American Eels of the upper St. Lawrence grow slowly but attain larger sizes (top) compared with eels in coastal areas (bottom). CREDIT Guy Verreault/Current Biology 2015

Population of American eel has been rapidly declining owing to a number of reasons including pollution, overfishing and construction of dams, and conservation efforts haven’t been yielding positive results. Scientists have been puzzled over this and now a new research sheds light on exactly why this slender, slimy, ancient fish hasn’t been responding to conservation efforts – it’s in their genes.

A new look at eel genetics published on May 28 in Current Biology finds that there are differences between eels that feed in freshwater and eels that feed in brackish environments that were previously thought to be genetically interchangeable.

Both freshwater and brackish American eels are the same species, but they vary in size and have very different growth rates and life spans. Once a year, sexually mature eels from both groups migrate thousands of miles to spawn in the Sargasso Sea (located in the North Atlantic Ocean east of Bermuda). The offspring are carried off by the current to their new homes. It’s been thought that young American eels can detect whether they’ve ended up in brackish or freshwater habitats and acclimate accordingly. But this new study suggests that eels are predisposed to survive in these environments, depending on what genes they inherited.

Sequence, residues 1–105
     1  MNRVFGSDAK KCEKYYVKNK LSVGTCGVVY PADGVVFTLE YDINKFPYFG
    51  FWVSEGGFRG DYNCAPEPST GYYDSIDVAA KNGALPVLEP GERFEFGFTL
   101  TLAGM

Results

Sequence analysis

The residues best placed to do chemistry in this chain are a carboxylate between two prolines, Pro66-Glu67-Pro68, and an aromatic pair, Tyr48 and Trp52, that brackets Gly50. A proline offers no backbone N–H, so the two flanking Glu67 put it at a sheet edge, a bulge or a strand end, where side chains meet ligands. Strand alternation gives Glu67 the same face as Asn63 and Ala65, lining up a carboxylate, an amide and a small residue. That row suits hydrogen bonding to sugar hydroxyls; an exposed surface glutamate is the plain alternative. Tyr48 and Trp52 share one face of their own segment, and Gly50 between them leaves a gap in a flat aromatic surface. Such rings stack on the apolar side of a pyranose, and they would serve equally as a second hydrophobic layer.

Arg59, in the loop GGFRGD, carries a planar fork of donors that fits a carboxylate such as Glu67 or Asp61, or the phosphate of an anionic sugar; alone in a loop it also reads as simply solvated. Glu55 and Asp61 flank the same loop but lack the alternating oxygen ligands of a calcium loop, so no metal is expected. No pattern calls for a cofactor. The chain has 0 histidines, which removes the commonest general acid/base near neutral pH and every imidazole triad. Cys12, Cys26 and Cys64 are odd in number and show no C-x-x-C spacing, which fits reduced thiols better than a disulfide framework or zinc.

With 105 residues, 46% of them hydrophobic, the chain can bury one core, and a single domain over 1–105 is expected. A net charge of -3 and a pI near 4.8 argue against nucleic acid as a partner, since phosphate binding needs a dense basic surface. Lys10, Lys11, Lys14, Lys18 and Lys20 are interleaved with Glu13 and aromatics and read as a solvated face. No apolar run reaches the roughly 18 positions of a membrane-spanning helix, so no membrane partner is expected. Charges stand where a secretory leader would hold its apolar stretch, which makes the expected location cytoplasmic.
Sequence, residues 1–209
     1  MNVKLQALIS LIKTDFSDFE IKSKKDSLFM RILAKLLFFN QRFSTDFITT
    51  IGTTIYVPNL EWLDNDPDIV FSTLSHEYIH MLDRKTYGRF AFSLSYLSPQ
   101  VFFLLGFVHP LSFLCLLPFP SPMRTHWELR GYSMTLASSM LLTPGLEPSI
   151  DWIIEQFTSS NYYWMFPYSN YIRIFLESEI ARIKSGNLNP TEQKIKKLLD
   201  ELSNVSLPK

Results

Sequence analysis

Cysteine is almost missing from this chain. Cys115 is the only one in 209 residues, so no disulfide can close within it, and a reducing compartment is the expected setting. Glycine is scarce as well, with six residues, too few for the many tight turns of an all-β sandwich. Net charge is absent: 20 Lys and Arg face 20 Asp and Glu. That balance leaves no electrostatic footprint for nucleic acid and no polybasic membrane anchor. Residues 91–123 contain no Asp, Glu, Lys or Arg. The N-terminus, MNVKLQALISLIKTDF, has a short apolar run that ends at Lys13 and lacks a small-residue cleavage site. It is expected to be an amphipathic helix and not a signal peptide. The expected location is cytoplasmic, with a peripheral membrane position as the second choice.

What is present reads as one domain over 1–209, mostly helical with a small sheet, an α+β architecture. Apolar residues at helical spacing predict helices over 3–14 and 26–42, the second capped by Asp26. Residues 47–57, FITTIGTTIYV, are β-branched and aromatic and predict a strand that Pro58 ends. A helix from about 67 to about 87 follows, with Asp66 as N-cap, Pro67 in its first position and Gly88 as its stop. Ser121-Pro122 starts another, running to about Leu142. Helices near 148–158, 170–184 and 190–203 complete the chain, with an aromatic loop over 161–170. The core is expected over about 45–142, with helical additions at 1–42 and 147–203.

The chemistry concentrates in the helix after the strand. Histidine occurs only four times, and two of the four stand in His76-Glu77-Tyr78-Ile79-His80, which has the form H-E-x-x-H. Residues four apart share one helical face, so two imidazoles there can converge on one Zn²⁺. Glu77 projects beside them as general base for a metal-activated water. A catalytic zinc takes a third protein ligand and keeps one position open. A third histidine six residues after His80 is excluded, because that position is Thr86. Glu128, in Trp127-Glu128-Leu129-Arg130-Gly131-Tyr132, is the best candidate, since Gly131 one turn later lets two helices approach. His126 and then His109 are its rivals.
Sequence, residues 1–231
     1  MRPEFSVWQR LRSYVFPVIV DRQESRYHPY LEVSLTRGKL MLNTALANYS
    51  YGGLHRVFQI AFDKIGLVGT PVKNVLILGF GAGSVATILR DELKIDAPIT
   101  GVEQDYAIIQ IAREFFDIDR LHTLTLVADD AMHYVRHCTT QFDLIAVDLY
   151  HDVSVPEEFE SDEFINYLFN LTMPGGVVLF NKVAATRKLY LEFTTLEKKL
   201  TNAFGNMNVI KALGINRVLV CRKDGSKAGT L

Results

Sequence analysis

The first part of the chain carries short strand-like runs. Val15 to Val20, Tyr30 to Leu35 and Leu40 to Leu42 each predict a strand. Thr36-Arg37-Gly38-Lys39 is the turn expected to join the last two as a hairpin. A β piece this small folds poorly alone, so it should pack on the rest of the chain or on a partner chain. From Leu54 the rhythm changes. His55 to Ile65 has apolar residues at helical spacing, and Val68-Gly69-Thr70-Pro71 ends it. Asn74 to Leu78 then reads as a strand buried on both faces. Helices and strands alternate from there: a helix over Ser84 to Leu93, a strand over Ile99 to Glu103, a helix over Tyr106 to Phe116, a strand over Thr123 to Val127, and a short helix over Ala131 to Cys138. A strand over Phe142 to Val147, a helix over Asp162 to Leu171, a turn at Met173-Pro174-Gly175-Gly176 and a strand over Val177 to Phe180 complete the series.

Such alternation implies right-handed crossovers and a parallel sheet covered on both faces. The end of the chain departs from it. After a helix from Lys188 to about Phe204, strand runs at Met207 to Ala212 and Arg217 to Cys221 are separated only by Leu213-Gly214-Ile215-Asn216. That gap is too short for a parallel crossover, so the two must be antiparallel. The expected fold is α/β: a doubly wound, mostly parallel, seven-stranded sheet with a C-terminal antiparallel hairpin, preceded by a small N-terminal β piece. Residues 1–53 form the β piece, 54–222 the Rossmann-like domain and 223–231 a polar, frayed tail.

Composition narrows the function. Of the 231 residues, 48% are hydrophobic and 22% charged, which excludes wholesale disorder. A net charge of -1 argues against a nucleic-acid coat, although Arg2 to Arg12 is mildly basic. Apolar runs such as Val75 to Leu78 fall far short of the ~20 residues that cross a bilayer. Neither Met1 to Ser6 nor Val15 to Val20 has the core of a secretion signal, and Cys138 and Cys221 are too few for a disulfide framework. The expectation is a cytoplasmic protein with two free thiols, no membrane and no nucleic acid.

“People have considered these differences in growth and age to be 100 percent due to phenotypic plasticity, independent of the genotype,” says lead author Scott Pavey, a postdoctoral fellow at the Integrated Biology Institute of Laval University in Quebec, Canada. “But what we found is that genes affect whether an eel can survive freshwater or brackish environments.” This helps explain why some conservation efforts to preserve the freshwater eel haven’t been successful, as more plentiful brackish eels cannot easily change their traits to survive in freshwater environments.

Pavey, in collaboration with ecologist Louis Bernatchez and colleagues, used new sequencing technologies to screen the eel genome in 45,000 places. The analysis identified 99 genes that differ between freshwater and brackish eels, including those associated with growth rate, heart development, and smell. It’s unknown whether this type of genetic differentiation exists in other, non-eel marine species with high levels of phenotypic plasticity.

The question remains, though, as to why eels would have such a strange approach to survival. The fish is considered evolutionarily ancient, so they must be doing something right. “It’s a different strategy, a kind of hedging your bets,” speculates Pavey. His team is now working to publish and release the entire genome of the eel. This will provide an important tool for other researchers to conduct similar studies on different aspects of eel ecology.